Cup of T

T is vital to the English language and is the second –most-often-occurring letter…but have you noticed how much thinner the T section of your dictionary is? This is because it occurs more often at the middle or the end of our words than at the beginning.
Note where your tongue sits when you say T and D; these two letters are phonetic ‘brothers’ and the sound of both is created through spurts of breath released from the tip of your tongue against the back of your front teeth…the only difference is that D engages the vocal chords and T does not. (Although in some country and western songs saddle can be rhymed with cattle!)

T’s tendency to occupy a position in the middle of words leaves it open to being softened or even left out. The Cockney accent swallows the T, for example in the word ‘bottle’, which leaves it with the pronunciation ‘bah-owe’. Words like ‘nation’ and ‘creature’ soften the T, and in ‘listen’ it disappears altogether! (Although this wasn’t always the case…)There are hundreds of words where T precedes the letter I plus a second vowel and in these instances T has acquired the sound ‘sh’; for instance, ‘inertia’, ‘patience’, ‘facetious’ etc.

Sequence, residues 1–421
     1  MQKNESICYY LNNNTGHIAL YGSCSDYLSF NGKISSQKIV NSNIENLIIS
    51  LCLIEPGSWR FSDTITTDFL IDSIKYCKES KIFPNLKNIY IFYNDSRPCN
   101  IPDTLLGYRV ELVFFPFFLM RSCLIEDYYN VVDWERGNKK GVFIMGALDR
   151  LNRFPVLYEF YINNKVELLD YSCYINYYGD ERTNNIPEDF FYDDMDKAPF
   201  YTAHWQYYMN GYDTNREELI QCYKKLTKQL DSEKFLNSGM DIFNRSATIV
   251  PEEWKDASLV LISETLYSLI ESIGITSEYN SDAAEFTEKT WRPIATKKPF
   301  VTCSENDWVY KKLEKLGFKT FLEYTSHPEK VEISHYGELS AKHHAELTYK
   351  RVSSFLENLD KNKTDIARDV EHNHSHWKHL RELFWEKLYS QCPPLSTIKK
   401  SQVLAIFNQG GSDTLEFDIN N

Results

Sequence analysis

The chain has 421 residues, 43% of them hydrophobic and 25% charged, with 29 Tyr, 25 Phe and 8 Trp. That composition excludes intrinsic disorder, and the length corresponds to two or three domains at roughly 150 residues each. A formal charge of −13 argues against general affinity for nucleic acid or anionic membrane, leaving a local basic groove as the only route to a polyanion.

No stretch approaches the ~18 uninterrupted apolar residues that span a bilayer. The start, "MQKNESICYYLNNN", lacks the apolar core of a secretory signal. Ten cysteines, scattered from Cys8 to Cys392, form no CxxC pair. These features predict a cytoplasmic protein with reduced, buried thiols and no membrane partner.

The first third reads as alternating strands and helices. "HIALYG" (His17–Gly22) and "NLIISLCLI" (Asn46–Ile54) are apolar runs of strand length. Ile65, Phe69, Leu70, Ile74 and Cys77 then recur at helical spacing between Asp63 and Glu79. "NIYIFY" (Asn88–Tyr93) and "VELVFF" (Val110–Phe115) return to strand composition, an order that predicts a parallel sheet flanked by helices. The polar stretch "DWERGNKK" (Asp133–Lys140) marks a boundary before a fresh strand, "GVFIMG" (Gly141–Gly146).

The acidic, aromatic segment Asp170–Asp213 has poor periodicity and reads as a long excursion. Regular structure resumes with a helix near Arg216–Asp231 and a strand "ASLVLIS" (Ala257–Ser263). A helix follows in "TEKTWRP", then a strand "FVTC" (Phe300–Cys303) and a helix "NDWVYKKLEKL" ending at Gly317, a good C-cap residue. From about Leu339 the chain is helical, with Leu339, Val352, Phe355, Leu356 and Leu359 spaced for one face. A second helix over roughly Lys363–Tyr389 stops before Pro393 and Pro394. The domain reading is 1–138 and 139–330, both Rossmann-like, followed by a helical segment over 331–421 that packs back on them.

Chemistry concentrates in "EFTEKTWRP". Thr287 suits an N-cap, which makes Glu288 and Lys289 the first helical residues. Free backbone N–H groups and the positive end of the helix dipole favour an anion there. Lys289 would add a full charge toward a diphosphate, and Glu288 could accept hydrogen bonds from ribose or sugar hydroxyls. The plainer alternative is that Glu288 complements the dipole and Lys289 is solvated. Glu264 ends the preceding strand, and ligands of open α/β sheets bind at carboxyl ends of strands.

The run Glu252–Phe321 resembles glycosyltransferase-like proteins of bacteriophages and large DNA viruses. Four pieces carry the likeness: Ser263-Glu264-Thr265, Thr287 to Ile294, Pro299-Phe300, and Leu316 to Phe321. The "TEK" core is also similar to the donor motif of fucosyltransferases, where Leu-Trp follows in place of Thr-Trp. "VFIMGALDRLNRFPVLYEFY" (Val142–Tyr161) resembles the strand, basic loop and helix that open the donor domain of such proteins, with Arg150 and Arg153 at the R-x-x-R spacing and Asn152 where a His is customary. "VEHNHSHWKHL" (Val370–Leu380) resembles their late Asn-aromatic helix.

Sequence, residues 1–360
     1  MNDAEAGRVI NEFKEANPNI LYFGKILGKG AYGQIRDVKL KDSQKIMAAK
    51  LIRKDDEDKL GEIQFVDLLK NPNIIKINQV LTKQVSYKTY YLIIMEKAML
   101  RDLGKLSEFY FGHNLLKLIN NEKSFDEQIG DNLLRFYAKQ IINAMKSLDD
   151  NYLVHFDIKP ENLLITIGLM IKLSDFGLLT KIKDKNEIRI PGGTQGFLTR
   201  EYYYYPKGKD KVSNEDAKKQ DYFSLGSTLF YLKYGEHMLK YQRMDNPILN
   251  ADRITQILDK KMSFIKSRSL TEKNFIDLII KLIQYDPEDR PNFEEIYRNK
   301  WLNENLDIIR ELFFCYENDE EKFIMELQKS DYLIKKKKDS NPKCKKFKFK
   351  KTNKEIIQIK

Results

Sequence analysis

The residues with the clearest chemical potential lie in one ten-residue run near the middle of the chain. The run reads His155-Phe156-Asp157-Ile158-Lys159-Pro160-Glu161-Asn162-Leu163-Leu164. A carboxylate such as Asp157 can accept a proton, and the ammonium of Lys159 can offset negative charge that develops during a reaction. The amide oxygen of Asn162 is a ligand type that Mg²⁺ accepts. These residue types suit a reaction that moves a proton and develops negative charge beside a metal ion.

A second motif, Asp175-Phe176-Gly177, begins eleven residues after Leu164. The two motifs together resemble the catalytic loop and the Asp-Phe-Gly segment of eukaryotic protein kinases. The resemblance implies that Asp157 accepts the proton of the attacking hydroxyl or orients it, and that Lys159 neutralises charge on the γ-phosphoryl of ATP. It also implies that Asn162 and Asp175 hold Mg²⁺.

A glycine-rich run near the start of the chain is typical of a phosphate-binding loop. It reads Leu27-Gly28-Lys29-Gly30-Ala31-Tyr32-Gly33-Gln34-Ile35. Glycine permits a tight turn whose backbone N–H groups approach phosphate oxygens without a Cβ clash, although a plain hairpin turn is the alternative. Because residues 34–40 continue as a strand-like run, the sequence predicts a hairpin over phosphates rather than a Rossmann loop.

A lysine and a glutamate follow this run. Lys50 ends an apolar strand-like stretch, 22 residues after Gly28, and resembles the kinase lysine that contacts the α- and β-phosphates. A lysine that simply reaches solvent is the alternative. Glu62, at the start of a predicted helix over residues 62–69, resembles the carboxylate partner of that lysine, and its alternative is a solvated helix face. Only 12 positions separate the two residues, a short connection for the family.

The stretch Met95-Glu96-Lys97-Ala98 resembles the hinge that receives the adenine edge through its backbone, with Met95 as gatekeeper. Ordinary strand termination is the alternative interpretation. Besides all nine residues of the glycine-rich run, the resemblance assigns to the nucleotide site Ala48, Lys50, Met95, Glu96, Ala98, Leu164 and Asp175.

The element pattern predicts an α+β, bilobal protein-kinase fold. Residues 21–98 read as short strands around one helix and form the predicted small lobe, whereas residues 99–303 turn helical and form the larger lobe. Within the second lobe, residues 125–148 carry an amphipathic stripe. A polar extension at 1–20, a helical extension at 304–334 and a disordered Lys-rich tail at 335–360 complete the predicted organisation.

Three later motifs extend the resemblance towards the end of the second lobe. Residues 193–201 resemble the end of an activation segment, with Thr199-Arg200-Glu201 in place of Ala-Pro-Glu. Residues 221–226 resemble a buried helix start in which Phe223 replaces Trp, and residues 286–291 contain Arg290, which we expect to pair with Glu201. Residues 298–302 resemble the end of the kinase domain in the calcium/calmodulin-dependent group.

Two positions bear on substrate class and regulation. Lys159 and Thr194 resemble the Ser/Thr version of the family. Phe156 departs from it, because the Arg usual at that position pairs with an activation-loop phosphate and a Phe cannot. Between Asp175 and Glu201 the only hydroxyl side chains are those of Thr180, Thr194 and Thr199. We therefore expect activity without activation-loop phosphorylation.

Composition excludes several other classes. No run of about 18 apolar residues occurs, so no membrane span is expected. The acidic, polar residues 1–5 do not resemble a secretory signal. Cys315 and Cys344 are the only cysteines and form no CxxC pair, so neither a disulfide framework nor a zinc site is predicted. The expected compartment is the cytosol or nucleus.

There is a darker side to T with some sinister and daunting associations; the sign of the cross, the mark of Cain, the image of containment or suppression, the profile of a spike or a nail…

Here is a bit of light relief though; some unusual words beginning with T!

tachismpainting by smearing or splattering
teleseismtremor due to a very distant earthquake
tephraash and debris ejected by a volcano
terreneof the earth; earthly; wordly; mundane
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Now, we’re going to sit down and have a cup of T after this blog. (well who’s missed the ea in tea eh!)

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